Examples of photoautotrophic bacteria include:
Chemosynthetic bacteria - Unlike photoautotrophic bacteria, chemosynthetic bacteria can synthesize food from given inorganic chemicals in the absence of sunlight. As such, they do not require light energy to synthesize food.
Chemosynthetic bacteria are also divided into:
Heterotrophic bacteria are the type of bacteria that obtain energy from organic compounds. This means that they are unable to make their own food, and thus use ready-made foods as their source of energy.
Heterotrophic bacteria are also divided into:
Saprophytic bacteria - This includes bacteria like Acetobacter that obtain energy from dead and decaying organic substances like leaves, meat and humus. These bacteria are able to secrete enzymes that are used for fermentation or putrefaction during digestion.
Parasitic bacteria - Bacillus anthracis and Vibrio cholerae are examples of parasitic bacteria. As such, they obtain energy from the tissues of living things. Whereas some may be harmless, some of these bacteria can cause serious diseases to the host.
Symbiotic bacteria - Symbiotic bacteria like Bacillus azotobacter and Rhizobium are able to establish a symbiotic relationship with the host. As such, they are beneficial to the host and do not cause harm.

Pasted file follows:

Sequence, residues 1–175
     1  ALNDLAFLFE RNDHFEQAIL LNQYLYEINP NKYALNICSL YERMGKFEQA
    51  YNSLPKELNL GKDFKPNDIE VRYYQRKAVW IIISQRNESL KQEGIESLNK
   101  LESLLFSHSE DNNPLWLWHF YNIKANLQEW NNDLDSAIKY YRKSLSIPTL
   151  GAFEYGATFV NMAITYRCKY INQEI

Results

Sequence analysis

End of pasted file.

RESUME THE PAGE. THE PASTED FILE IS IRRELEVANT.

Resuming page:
Bacteria are also classified according to gaseous requirements. Whereas some bacteria need oxygen to survive, others do not.
Aerobes - Aerobes (aerobic bacteria) are the type of bacteria that can only live and reproduce in the presence of oxygen. There are two groups of aerobes which include the obligate aerobes and the microaerophiles. For obligate microbes like Mycobacteria, high concentration of oxygen (like in room air) is required for life. However, microaerophiles like Campylobacter only require a lower concentration of oxygen (about 5 percent of oxygen) to survive.
Anaerobes - Unlike aerobes, anaerobes are the type of bacteria that do not need oxygen for survival. Anaerobes include obligate anaerobes like Clostridium that are unable to live and reproduce in the presence of oxygen and facultative anaerobes like Staphylococci bacteria that can survive in the presence or absence of oxygen.
Gram-stain technique is also used to classify bacteria. Whereas the cell wall of certain bacteria contains a thin layer of a polymer known as peptidoglycan (Gram-negative bacteria) in between the inner and outer lipid membrane, others have a thicker layer of the polymer n addition to lipoteichoic acid (Gram-positive bacteria).